by Elisabeth Seldes Annacone
Today is my anniversary and I’d rather be out shopping for a slinky new dress or a funny card or searching online for a great restaurant. But Stuart has a work thing tonight, so here I am on my knees by the coffee table, looking at selects to show Josie and Steve, whose wedding I’m shooting in three weeks. From the sound of it, they have arrived and made immediate use of the small bathroom off the waiting area. Their giddy moans and muffled groans come through from the other side of the wall. Josie and Steve are not the first couple who couldn’t resist a quickie in there and almost certainly won't be the last. I imagine her skirt twisted up around her waist, his pants in a pile at his ankles and for a moment let myself wonder when Stuart stopped wanting to have sex with me in inappropriate places. It was definitely post kids. But when...exactly?
Through the doorway of the study, Stuart looks up from his computer to give me a fleeting glance, his head tilted to the side, cradling the phone, shoulder to ear. There is a mound of molding clay in the shape of a sad elephant collapsed on newspapers on the kitchen table. I start to ask Stuart whether he and Billy did his school science project, but before I can get the question out Stuart gives me the look. He’s asked me many times not to talk to him when he’s on the phone and while I’ve agreed over and over, it’s proven harder than you’d think. I go down the hallway to my bedroom, past Maddy’s perpetually closed door and Billy’s open doorway. Billy’s sitting on the edge of his bed in a video game trance and I go in and wave my hand in front of the TV, but I can’t compete with oncoming sniper fire. In my bedroom I put my camera bags on the floor, feeling like a ghost in my own home.
I row with all my might, as if each pull could get me closer to my life. My best friend, Jules, and I are in our afternoon rowing class in a redone warehouse by the Williamsburg Bridge. I challenge myself to go further, pull harder, break boundaries. As I do I pray for an epiphany, a miracle that will get Stuart and me back on track.
In the steam room Jules is splayed out naked on top of her towel, feet akimbo, eyes closed. I sit on the bottom ledge wrapped in my towel, basking in the hot steam billowing around me. I tell Jules about my clients’ sexcapades in my studio bathroom earlier today.
“Remember what it was like when you couldn’t keep your hands off someone? What am I going to do if Stuart just doesn’t want me in that way ever again?”
“You’d have to leave him.”
I think about leaving Stuart and get a sick feeling. It’s a thought I usually don’t dare let myself think. “What about the kids? Aren’t I supposed to show them how to make a relationship work? How to be happy?”
“No. You’re supposed to show your kids how to love someone—and if you can’t do that, then you have to end it and find someone else.”
I don’t think Stuart and I have shown the kids very much about how to love. I sit up on the bench and a blast of steam engulfs me.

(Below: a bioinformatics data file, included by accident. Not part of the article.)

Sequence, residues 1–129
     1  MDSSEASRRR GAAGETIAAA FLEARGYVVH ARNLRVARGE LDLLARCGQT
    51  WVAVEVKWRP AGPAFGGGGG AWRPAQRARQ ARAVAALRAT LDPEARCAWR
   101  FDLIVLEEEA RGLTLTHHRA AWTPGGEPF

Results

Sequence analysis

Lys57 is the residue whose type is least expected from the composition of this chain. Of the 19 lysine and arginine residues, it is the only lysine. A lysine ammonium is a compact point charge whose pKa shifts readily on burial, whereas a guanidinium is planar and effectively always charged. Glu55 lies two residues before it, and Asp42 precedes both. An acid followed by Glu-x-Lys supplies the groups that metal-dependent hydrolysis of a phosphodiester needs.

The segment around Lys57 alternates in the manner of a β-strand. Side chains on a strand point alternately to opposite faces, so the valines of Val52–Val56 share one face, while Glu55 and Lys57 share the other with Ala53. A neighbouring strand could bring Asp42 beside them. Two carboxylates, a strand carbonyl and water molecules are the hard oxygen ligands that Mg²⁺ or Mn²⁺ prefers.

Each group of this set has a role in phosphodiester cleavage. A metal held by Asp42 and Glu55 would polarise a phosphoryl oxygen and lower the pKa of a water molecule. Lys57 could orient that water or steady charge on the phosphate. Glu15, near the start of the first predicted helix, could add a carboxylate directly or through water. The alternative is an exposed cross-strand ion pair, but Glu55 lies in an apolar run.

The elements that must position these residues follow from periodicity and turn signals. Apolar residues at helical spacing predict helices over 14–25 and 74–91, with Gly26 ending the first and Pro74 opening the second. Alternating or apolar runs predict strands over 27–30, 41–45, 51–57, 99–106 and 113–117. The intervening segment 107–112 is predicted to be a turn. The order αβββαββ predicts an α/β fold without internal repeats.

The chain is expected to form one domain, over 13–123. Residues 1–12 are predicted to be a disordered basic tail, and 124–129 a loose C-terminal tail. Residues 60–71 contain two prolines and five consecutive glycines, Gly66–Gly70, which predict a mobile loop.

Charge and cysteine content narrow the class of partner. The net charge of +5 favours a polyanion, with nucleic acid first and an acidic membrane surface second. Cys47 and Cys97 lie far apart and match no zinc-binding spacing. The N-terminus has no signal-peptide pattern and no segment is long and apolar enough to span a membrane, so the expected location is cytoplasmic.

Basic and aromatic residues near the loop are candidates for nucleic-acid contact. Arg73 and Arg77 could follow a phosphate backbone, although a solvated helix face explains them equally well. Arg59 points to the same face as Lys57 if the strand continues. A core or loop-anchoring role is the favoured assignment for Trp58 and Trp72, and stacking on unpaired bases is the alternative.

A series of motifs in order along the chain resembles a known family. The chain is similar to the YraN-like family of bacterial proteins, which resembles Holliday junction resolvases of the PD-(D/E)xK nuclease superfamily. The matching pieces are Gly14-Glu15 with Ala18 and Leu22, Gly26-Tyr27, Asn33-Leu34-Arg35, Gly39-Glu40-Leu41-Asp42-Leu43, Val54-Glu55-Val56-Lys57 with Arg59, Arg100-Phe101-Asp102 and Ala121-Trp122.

I put on my black heels. A year ago I’d have gone with flat-soled round-toed shoes that screamed I’ve given up. But now I’m walking tall in pumps, trying along with the other legions of women to get male attention. I carefully construct my hair into a loose bun. Stuart has promised me a dance tonight, the only nod to our anniversary. I ask to go dancing every year on our anniversary but somehow it never materializes. Maybe tonight I might just get lucky.
The party’s in full swing by the time I arrive. I’ve ignored Stuart’s last three texts asking where I am and if everything’s all right. Back in the day, our day, he couldn’t go two hours without pushing me into a closet and ravaging my bones or calling me with fresh, creative ideas about how and where he’d like to take me—like in the supply room at work. These thoughts that once occupied his mind have vacated for other, more private thoughts that he no longer shares with me.
I scan the room, taking in the DJ with the sideways baseball hat perched on a rise above the dance floor (where a few of Stuart’s colleagues self-consciously shift from one foot to another), to a photo booth, to the waiters circulating with food trays, to the bars at either end of the long room. On my second sweep, I see Stuart, head tilted, brow tense as he listens to Ronnie, his boss and the founder of Municipal Corp.
After we graduated from BU, Stuart took his poly-sci major and started a public action committee that forced businesses to have more transparency. For his efforts, he was given the Boston Citizens Ethics Award. Ronnie, never one to miss converting someone’s glory to his own advantage, swooped in and hired Stuart to be the ethical face of Municipal Corp, a guarantee to the investors that it was safe to park their money there. I can’t remember the last time Stuart railed to me about those one percenters. There is only silence in place of his ranting now. A quiet silence that encompasses everything he does. I wonder if he even knows how quiet he’s become.
Stuart stands across the room from me with Ronnie and a silver-haired fox I presume to be Stephen Kincaid, the man who just donated 75 untouched acres along the Hudson. Stuart sneaks a glance at his watch and looks up to see me standing at the entrance.